Like winter, MiFID II is coming. It brings the need for more and better call recording and you need to be prepared.
The Market in Financial Instruments Directive II, to give it its full name, will come into effect on 3 January 2018.
Many aspects of MiFID II are already part of regulators’ frameworks in countries like the UK and Norway. The UK’s Financial Conduct Authority (FCA) views the more novel parts of the directive as good regulatory practice.
In essence, this EU directive is designed to increase transparency in investment banking, better protect retail investors and further integrate the EU’s financial markets, so it is necessarily complex and will entail a hefty pile of paperwork for financial institutions.
The need for call recording
It will generate new requirements concerning the recording, storing and monitoring of telephone conversations and electronic communications. A wider base of staff must be recorded — including IFAs and some support as well as customer-facing employees. And recordings must be stored for longer.
The requirements themselves aren’t wholly new; the UK FCA already asks that individuals directly involved in equity trading have their calls recorded. But MiFID II goes further and demands that anyone involved in giving financial advice that leads to – or may lead to – a transaction must record their conversations and securely store these communications for at least five years.
And with only 10 percent of financial advisers admitting that they currently record telephone conversations and electronic communications in line with MIFID, according to a recent survey by the FCA , the workload on compliance can only go one way.
Money, money, money
Since 2009, the cost of banking compliance has ballooned: According to the Financial Times JPMorgan added 4,000 employees to their compliance team in 2013, and spent a further $1 billion on controls, Citigroup increased their spending on compliance by $2 billion during 2014/15, and HSBC expanded their compliance team from 2,000 to 7,000 staff over the five years to 2015.
MIFID II adds a further burden on operations already “fatigued”, according to Thomson Reuters’ Annual Cost of Compliance survey.
Necessity is the mother of invention
MiFID II is an ideal time to re-evaluate processes, organisation and technology against business goals — not least given the significant costs now being sunk into compliance.
This doesn’t have to mean a grass-roots overhaul of your entire systems. But it is paramount that any additional investment demanded by the likes of MiFID — be it mobile recording or expansion to other communications channels, for example — is aligned to where you want to take the business, not to what you have today.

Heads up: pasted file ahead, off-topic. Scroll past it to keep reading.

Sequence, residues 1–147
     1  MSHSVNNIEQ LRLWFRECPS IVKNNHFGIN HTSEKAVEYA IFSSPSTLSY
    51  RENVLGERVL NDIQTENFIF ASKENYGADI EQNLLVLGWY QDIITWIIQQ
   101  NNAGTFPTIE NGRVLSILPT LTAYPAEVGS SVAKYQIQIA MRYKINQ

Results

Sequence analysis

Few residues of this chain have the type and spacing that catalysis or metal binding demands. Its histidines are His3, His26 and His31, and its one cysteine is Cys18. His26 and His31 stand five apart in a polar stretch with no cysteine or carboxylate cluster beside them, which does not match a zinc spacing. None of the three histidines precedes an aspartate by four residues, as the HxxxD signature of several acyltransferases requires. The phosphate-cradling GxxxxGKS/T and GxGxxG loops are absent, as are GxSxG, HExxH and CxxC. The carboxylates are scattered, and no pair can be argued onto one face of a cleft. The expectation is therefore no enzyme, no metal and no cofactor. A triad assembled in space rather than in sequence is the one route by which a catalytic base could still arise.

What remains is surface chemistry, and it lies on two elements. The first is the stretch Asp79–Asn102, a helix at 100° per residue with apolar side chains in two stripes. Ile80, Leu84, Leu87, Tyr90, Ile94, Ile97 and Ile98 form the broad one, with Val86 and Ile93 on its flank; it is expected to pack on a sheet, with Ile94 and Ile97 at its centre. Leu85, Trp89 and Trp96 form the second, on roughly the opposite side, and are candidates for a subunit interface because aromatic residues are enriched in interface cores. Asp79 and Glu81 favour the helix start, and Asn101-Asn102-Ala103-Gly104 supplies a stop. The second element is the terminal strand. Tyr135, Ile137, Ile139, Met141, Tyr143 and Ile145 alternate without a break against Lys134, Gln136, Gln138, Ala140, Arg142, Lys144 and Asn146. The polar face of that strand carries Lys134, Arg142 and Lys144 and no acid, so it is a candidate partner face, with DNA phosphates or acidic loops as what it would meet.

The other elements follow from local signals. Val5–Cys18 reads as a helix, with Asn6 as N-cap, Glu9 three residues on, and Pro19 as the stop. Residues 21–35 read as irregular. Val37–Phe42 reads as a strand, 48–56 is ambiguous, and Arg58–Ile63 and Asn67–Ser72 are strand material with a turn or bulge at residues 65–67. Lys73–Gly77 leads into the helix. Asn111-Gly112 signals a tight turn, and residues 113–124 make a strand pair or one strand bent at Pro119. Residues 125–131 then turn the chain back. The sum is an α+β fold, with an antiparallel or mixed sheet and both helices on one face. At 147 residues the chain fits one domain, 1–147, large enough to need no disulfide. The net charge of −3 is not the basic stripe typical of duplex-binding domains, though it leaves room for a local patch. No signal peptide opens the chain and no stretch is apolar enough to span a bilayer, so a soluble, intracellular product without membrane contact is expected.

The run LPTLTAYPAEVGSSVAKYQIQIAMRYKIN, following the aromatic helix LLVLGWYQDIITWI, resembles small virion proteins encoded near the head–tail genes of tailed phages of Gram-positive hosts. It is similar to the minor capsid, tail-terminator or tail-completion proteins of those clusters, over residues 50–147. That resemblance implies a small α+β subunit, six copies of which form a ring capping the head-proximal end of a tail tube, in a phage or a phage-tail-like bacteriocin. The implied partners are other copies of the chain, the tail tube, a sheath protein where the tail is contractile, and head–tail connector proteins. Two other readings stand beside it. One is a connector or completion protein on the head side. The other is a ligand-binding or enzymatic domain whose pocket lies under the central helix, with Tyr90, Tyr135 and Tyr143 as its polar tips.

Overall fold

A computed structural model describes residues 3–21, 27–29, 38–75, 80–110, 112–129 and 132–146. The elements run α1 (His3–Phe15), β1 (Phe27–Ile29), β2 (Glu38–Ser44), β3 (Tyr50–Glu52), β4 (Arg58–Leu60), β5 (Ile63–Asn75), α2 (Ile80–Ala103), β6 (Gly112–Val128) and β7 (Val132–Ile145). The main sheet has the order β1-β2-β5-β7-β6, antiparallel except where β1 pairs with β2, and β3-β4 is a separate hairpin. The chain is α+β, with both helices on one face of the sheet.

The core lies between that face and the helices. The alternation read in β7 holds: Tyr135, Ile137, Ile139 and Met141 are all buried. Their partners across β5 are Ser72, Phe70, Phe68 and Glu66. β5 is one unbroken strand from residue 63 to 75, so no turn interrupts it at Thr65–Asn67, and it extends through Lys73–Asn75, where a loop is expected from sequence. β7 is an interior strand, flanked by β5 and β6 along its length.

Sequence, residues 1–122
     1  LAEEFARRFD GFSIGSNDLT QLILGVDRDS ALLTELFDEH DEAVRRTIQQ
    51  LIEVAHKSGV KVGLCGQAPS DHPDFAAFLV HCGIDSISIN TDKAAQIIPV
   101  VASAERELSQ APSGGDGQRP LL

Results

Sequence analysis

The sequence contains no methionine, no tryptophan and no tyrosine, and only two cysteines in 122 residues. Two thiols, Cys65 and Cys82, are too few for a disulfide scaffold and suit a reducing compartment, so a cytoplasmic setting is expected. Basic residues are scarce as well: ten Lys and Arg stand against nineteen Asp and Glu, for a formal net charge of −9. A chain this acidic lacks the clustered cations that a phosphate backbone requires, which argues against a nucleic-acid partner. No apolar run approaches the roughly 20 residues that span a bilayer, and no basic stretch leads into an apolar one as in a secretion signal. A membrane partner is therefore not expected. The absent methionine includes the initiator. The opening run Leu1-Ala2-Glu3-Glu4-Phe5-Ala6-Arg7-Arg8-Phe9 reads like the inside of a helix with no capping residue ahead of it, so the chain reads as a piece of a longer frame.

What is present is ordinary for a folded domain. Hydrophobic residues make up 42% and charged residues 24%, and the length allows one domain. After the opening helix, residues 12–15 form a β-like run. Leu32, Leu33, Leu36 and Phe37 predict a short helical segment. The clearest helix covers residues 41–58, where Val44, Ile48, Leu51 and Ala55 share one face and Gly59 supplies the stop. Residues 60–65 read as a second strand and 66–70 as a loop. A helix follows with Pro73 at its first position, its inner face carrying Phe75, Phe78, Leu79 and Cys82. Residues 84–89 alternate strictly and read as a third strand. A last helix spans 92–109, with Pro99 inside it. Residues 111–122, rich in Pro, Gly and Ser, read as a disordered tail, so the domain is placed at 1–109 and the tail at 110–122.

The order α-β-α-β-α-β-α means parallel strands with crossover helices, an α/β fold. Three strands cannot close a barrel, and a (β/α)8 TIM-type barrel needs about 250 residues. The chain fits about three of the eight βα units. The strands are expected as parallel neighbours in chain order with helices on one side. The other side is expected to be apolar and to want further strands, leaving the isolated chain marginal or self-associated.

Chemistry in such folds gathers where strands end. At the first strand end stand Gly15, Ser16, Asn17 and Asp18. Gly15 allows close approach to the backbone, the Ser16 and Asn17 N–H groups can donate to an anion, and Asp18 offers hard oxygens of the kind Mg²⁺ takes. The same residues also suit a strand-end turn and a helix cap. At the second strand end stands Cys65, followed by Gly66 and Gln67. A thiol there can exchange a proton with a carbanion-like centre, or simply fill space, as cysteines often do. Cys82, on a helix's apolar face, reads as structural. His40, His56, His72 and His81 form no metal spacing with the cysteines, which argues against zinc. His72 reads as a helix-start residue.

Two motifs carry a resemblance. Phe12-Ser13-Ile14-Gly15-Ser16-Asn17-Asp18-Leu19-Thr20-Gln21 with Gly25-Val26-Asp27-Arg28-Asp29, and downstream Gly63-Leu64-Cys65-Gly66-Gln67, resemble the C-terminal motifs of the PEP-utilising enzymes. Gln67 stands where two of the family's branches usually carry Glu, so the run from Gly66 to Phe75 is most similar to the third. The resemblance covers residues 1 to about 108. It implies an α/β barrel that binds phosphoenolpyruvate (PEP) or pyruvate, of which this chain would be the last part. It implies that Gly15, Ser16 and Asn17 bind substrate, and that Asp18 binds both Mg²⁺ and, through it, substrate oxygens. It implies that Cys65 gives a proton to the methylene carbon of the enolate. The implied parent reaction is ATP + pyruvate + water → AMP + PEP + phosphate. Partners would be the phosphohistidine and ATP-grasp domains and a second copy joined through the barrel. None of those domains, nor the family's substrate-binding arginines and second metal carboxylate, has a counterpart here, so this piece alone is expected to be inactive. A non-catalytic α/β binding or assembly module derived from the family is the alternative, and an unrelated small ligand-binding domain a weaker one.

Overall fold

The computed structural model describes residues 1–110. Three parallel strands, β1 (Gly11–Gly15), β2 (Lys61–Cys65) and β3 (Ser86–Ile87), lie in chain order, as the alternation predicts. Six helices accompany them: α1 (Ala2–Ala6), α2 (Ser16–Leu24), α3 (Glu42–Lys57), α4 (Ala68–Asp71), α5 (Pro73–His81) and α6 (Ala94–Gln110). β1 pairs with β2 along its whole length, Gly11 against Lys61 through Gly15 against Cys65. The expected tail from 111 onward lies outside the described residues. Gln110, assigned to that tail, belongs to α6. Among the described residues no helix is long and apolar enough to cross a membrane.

Sound fanciful? It’s not. The widespread adoption of web services (as the standard method of application integration) and cloud services (for on-demand deployment) enables firms to develop solution architectures in a far more evolutionary and dynamic way than was the case just five years ago.
And of course, business goals should not be limited to departmental goals. These same technology trends have spawned an explosion in innovative applications that are, finally, making the business-productivity promises of technologies like speech analytics a reality for all organisations, not just the largest. Not only can these transform the effectiveness and efficiencies of compliance, but can drive tangible productivity gains elsewhere in the business.
A compliance solution that can help field sales teams automatically post conversations in a readable form to a CRM system, and measure customer satisfaction through sentiment, has an ROI — and staff acceptance — far in excess of compliance cost reduction.
The Smarsh call-recording solution
In short, you need a communication recording and monitoring platform that makes compliance with MiFID II easy, one that’s flexible, easy to implement and that scales with your needs. Smarsh offers everything that financial institutions are looking for in a recording platform.
- Compliant. Smarsh enables institutions of any size to meet the communications compliance requirements of current and future regulation.
- Affordable. Being up in the cloud, there are no high up-front capital and support costs, just a flexible, reasonable platform that scales with you.
- Simple to implement. As a cloud-based platform, Smarsh replaces the complex rollout of on-premise systems with an on-demand service that’s adaptable to your needs.
- Compatible. Smarsh can operate as a standalone service, or in concert with existing trade-surveillance and compliance systems.
- Responsible. Smarsh works alongside your mobile device management system to respect the boundary between private and professional communications.
- Universal. Being able to accurately reconstruct transactions across multiple channels is an essential part of MiFID II.Smarsh can record conversations in real time across mobile voice, landline, voicemail, SMS, MMS, VOIP, email, and social media, and it allows for the quick analysis of both voice and text using built-in speech analytics and search tools, simplifying the disclosure of records.
- Like a Swiss Army Knife. Smarsh provides all the tools you need in one neat platform. You can record, archive, analyse and securely share your communications, all from one place.
But Smarsh is not just about satisfying the latest regulatory regime. The benefits of communications recording go beyond mere compliance.
The benefits of recording calls
Those pioneering firms that choose to get their communications infrastructure in line with MiFID II now, using platforms like the Archiving Platform, can reduce business risk, improve customer service and open up new business opportunities by realising the value of their conversation.